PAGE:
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Questions and answers for parents and leaders new to Scouting.

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    • For those interested....   https://www.youtube.com/watch?v=vylJt_4NeVs
    • Our council camp allows bikes for staff, scouts, and scouters as long as they also use helmets. Rarely do you see anyone use them though. Most find them to get in the way of things as they have to park them out of the way of main traffic zones etc. Most times I only see a few staff use them, rarely any scouts unless there is some need for them.  Most common wheeled vehicles one sees are wagons and "cars on approval". The wagons haul back the ice. Cars are for general staff needs, adults/scouts with mobility issues where warranted, or field trips out of the camp. 
    • I note  the assumption of guilt.   Almost everyone in prison is "innocent,"  according to them   Typically the accused is guilty, but not always.  There have been accusations of sexual abuse of children against people who turned out to clearly innocent.   https://www.ncbi.nlm.nih.gov/pubmed/2925577 https://en.wikipedia.org/wiki/False_allegation_of_child_sexual_abuse https://en.wikipedia.org/wiki/McMartin_preschool_trial  
    • Ah the memories. The troop of my youth wanted the scouts to experience killing, cleaning and cooking animals. First we killed a one hog as a troop and cooked it on a spit for 24 hours. Each patrol also killed and eat chickens and turkeys. The turkey is the most member-able because chopping the head off of a turkey isn't as easy as the adults assumed. They are heavy when holding them by one arm, and they can fight. After the first couple of failed attempts by the patrols, the adults took over and it went easier. Next we drop the turkeys in boiling water to make feather removal easier. Then we wrap the turkey in foil, wet cardboard, then more foil, drop then in a bit and moved fire over them. The problem with cooking in a boy scout fire pits is that scouts tend to poke their fires with sticks. I don't remember why we were so lucky, but our turkey was the only one that survived out of the eight. So, we fed the whole troop.  Because of that experience, I kind of suggested of finding a different method of cooking turkey above ground, and that is how we learn of the chicken fence towers wrapped in foil. Turkeys above the ground are easier to gauge when the turkey is done, and the fire can be controlled by adding or removing charcoal. It is so easy that the patrols cook turkeys a lot.  Barry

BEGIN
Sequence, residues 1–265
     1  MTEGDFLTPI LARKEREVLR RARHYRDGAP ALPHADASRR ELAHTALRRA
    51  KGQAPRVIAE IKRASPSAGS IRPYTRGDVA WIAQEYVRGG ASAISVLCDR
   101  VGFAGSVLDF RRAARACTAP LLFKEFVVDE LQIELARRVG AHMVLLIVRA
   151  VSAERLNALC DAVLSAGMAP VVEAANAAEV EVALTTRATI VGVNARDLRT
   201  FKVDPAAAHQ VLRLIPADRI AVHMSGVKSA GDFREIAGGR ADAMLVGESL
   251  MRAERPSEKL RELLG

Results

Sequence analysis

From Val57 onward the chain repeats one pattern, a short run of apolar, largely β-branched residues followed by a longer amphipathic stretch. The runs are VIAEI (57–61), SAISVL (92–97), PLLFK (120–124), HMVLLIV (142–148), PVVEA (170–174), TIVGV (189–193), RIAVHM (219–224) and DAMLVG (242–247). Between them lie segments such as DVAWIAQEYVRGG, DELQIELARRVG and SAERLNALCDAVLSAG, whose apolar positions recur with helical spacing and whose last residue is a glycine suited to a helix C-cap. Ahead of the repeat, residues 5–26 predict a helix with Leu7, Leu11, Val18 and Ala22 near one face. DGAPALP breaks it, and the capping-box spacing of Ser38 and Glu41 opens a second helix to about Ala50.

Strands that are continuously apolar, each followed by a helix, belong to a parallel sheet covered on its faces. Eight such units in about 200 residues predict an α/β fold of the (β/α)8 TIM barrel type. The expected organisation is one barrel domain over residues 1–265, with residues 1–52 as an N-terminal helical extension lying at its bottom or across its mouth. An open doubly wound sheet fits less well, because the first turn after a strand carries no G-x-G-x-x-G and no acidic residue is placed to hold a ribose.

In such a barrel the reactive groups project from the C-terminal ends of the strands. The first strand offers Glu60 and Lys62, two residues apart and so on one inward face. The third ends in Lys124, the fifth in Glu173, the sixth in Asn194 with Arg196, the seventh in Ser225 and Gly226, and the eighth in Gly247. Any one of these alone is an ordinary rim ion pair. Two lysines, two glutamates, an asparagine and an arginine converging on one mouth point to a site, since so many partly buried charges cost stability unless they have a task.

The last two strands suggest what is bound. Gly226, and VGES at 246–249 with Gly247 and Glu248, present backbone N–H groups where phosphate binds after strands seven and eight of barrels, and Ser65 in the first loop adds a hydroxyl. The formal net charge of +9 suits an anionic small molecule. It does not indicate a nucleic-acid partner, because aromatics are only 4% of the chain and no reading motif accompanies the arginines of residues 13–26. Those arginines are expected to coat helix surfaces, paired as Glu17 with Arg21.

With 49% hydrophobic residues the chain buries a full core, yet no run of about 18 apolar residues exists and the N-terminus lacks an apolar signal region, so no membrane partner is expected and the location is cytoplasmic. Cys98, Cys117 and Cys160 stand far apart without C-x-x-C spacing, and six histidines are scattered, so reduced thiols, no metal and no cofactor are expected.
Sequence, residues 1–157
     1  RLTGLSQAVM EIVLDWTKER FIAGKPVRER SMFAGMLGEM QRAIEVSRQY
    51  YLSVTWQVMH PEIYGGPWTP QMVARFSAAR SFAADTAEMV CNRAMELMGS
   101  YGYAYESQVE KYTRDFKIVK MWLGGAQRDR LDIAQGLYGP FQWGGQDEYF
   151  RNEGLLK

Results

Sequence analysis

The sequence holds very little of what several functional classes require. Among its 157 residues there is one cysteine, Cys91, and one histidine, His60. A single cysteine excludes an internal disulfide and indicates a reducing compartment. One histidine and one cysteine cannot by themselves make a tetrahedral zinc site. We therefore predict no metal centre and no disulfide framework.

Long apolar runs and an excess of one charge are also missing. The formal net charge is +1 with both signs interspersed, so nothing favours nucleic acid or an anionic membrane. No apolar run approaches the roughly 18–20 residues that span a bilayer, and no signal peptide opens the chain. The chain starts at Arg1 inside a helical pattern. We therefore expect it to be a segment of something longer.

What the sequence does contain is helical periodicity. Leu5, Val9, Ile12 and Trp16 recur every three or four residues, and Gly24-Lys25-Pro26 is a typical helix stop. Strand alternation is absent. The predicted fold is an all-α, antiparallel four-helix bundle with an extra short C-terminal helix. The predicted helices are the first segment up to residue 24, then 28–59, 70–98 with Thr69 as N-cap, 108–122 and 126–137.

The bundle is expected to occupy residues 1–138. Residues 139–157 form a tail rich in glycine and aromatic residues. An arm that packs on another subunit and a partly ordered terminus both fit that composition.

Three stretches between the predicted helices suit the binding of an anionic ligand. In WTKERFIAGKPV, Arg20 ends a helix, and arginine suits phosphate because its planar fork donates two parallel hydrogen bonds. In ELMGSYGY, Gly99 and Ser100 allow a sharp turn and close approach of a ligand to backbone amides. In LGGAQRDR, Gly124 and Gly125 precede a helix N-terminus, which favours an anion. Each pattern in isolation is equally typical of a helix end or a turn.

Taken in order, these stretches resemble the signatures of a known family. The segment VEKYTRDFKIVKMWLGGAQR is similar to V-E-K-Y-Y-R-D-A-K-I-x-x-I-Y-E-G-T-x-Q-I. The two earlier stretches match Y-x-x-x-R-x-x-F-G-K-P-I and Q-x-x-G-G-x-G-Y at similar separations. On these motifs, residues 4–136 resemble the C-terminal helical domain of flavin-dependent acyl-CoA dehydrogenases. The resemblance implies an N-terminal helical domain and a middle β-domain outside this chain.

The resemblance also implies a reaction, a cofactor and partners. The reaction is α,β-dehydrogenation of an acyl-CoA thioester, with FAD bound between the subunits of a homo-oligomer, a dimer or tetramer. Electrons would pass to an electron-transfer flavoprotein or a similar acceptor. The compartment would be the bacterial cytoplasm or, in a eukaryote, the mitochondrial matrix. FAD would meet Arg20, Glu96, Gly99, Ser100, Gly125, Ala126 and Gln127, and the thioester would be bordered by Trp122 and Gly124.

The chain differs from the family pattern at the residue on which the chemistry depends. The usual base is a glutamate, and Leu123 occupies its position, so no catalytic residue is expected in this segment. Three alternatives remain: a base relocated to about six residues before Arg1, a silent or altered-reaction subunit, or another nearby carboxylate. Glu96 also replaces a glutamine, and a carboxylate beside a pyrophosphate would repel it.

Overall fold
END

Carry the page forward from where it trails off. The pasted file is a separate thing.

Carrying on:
• Lazarus is located in the heart of the Columbus suburbs, and one of those camps where the area around it has become completely developed.  If they have 60 acres that they really don't use it's likely they could get a very good price for that property, and stabilize the finances for Lazarus for the future. Our council did this with a very similar piece of one of our camps, and the endowment set up from the proceeds of that sale was a big part of what allowed us to opt out of the Michigan Mess. I've never been to CLR, but 1100 scouts at summer camp seems like a low number considering how big the council is.  I doubt that a camp used only for weekend camping can bring in enough revenue to cover even its most basic operating costs.  If you don't have enough summer camp revenue to cover the cost of summer camp, plus facilities, you're going to face some very hard choices.
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